14 Responses to What you say hurts as much as how you say it

  1. julieemoore says:

    Whewwww what a relief to know I’m not the only one who does not have housekeeping skills and would rather write than cook and clean. Thanks for making me feel better about my situation. I too feel bad and guilty and do not like drop in company but at least I can know I’m not alone.

  2. I don’t think it matters how your friend meant it, well it does, but sometimes how we take it has greater impact with ourselves. Only ourselves to blame but words do stick with you. It’s frustrating trying to deal with and live up to other people’s supposed perfections and incredibly difficult and painful squaring up to our reality and presumed shortcomings and failures. :)

  3. mamaslosinit says:

    My sisters have BEAUTIFUL homes and are amazing cleaners and mothers. I’ve come to accept the fact that I’m just sloppier and less organized than they are. Plain and simple. My house is clean…enough, but definitely not sparkling the way I would love. It’s definitely something I want to improve about myself, but if I had the money I’d love to pay someone to help me. I can see how your friend might not want to clean homes for stay at home moms if her perspective is that they’re just being lazy about it, but I think if she saw cleaning as a skill that some people lack as opposed to a choice they’re making to neglect their household duties, perhaps she’d have a change of heart. Some of us would love just a LITTLE bit of help staying on top of things. I literally learn from my sisters, “so you clean the TOP of your refrigerator!?!” Some things just never crossed my mind! I need a coach!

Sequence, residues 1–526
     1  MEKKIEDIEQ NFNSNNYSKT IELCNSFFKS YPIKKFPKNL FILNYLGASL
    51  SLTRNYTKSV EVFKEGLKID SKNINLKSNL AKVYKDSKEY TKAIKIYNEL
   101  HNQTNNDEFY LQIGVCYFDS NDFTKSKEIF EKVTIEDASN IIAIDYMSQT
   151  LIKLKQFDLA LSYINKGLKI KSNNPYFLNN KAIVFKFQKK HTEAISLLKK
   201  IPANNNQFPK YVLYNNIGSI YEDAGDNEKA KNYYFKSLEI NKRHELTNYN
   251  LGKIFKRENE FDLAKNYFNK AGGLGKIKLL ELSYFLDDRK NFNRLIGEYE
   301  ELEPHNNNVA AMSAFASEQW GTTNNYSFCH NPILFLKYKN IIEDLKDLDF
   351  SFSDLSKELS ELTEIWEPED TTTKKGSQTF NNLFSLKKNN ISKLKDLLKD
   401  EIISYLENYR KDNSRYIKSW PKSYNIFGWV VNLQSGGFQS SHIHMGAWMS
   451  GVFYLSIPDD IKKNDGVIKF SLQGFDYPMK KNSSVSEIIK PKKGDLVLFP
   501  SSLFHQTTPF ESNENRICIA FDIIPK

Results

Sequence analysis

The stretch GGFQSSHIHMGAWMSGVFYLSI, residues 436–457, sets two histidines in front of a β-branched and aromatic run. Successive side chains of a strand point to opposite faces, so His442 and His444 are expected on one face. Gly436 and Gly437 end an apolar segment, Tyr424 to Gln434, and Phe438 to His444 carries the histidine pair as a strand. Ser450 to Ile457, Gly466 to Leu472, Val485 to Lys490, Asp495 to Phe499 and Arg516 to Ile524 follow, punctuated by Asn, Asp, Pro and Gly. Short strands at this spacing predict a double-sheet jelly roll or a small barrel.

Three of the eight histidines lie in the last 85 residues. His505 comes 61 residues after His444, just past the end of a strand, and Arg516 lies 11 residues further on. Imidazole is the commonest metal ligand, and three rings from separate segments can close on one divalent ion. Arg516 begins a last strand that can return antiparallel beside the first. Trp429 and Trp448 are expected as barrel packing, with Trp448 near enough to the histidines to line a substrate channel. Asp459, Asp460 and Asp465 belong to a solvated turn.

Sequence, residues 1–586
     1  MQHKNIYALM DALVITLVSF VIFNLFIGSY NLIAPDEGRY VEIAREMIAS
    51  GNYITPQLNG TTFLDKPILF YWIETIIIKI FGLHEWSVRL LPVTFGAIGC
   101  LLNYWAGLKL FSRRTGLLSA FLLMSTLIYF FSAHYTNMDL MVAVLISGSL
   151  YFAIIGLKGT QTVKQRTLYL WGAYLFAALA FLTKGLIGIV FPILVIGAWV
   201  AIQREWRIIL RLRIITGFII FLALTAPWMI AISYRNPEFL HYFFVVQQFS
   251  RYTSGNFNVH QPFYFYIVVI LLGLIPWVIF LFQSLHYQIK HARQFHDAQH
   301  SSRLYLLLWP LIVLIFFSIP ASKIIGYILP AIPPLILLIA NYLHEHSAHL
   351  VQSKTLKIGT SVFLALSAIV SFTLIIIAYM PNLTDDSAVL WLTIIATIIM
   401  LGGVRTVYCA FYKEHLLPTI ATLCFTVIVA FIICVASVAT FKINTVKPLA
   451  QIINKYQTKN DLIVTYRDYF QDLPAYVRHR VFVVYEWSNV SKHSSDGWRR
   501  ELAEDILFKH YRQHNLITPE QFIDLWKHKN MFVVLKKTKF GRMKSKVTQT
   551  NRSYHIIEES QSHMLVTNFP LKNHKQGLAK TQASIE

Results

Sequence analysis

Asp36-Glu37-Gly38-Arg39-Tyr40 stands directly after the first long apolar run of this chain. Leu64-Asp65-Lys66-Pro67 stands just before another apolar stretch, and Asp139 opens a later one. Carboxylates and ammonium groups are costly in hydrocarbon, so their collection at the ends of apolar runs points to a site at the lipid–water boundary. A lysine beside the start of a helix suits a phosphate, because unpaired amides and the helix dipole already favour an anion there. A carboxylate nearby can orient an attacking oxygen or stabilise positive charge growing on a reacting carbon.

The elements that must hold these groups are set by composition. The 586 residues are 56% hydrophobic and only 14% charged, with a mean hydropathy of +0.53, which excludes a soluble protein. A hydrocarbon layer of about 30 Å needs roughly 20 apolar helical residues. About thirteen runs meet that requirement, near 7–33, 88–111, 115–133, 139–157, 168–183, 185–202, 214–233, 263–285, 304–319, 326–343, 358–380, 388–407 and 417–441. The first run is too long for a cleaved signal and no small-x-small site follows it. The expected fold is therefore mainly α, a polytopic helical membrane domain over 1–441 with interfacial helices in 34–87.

• estherlou says:

      This one made me laugh! I haven’t seen the top of the refrigerator in years! OMG. You are right…some things just never occur to me. And my tendency when they are pointed out to me are to go on the defensive and feel inadequate. My skill has NEVER been cleaning. I remember one time sitting in a therapy group listening to someone talk about cleaning her baseboards weekly. I thought, “People actually do that?” LOL

  4. I fight this battle ALL.THE.TIME. I’ll grin and bear it this summer, but when I go back to work in the fall, I am getting a cleaning lady!

  5. STUNNED! says:

    STUNNED — I’ll say! Stunned and hurt to find out via your blog that something I said at least 18 months ago upset you and stunned that the number of times I’ve seen since you’ve said nothing at all to me about this, but instead chose to address it in your blog, which you know that I read. You’re recollection of this conversation is different than mine. I recalll saying, “I don’t clean for stay-at-home moms”. That’s it. My response was directed toward stay-at-home moms in general, not Emily Wilson, stay-at-home mom and I certainly wasn’t nor have I ever judged you. I appreciate that you defended me against you readers, it’s crazy that they feel they can offer their opinion about someone they don’t even know, but as my dad says, “opinions are like assholes, everyone has one!” My tombstone will say, “enjoyed every moment with her kids and her friends, the good, the bad and the ugly”. BTW I’m lucky if I am able to vaccuum once a week — lately it’s been an every-other-week event, I strongly advise against eating off my toilets or my floors, unless you like dog hair, I’m about as far away from Martha Stewart and June Cleaver as you can get and prepared meals at my house are hot dogs, tacos and frozen pizza!

  6. estherlou says: